By Geoff Vivian | posted on July 6, 2017
MANYPEAKS farmer Gary Howie said he was disturbed by the number of negative reactions to his plans to extract gravel from his property at Bon Accord Road in Lower King.
Mr Howie said he intended to build a house and establish a garden and orchard on the block but first had to remove the hard surface rock.
“In its present state, it’s near impossible with my ordinary farm machinery to work it,” he said.
“It will only be getting dug four to five hundred millimetres deep to get the rock out and the top soil will be going back.
Mr Howie said he would only be digging in two to three hectare sections at a time and then have the area back into pasture within a year.
He said the couple living next door to his proposed gravel pit had written a letter of support to council even though their house was just 200 metres from where bulldozers would be operating.
Many of the neighbouring property owners and the Lower King and Bayonet Head Progress Association have writ- ten letters of objection to Mr Howie’s proposal.
There are several sand or gravel pits operating in the neighbourhood at pre- sent, and Bon Accord Road residents say they are concerned about the proposal on environmental and safety grounds. Kat Bradford, who lives almost opposite Mr Howie’s block said she had a young family who had recently moved there because they wanted a rural lifestyle.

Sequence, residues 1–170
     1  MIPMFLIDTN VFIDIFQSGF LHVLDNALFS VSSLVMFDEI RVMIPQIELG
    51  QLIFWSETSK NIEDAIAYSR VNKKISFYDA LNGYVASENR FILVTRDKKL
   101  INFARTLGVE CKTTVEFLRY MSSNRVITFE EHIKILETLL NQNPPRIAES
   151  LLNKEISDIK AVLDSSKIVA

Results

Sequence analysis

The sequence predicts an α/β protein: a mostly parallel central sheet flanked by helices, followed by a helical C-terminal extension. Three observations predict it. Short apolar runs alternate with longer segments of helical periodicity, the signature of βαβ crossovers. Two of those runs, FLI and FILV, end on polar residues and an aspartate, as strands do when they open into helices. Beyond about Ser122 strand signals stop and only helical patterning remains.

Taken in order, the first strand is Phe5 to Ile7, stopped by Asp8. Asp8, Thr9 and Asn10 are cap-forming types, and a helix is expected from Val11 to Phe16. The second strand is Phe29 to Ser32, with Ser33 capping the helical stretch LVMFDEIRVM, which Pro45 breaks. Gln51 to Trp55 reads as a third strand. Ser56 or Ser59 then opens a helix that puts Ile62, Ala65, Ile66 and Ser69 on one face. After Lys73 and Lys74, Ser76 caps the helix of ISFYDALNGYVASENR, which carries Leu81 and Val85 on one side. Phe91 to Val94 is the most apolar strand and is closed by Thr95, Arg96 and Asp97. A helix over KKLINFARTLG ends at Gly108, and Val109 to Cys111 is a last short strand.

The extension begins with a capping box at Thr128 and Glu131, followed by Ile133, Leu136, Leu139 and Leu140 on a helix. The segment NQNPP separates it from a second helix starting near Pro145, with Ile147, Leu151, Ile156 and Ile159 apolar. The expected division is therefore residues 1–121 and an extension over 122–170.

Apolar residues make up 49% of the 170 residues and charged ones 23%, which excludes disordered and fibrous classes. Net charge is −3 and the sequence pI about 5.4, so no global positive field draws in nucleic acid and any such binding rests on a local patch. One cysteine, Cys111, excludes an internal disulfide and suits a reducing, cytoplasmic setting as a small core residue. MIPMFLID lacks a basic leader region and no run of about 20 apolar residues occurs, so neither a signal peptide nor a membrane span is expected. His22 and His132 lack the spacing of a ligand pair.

Ms Bradford said she was concerned about the effect dust would have on her family’s health.
She said her two children attended Great Southern Grammar, but it was not safe for them to ride their bikes to school.
Donald Main, who lives directly opposite Mr Howie’s block, said the noise from the quarry would be “indescribable” and dust and vibrations would be a major problem for him.
“Why would you introduce a quarry into an area which everyone acknowledges is becoming subdivided into dense residential land?”
He said the City of Albany was doing a poor job of policing existing quarry operators’ activities.
“They do an inspection once a year and they refuse to limit the number of trucks,” he said.
“In wet weather, I’ve actually been forced into a ditch.
“There used to be a lot of people who walk up here, kids on bicycles or on horses or with dogs – they’ve all disappeared.”
The City of Albany was contacted for comment on this.
Mr Howie said his land was zoned “agricultural” and he had entered into an agreement with Palmer Earthmoving to remove the rock on his property.
He said he was impressed with the way owner David Palmer had replaced the topsoil on his own property at a separate location to the proposed gravel-pit.
“He’s mined the whole farm and got the gravel out and the end result is magnificent,” Mr Howie said.
Mr Howie’s application for an extractive industry license was open for public comment for a six-week period ending yesterday. A City of Albany spokes- person said councillors would consider the matters raised in the submissions and deal with them as part of the official determination process.
Palmer Earthmoving has been approached for comment.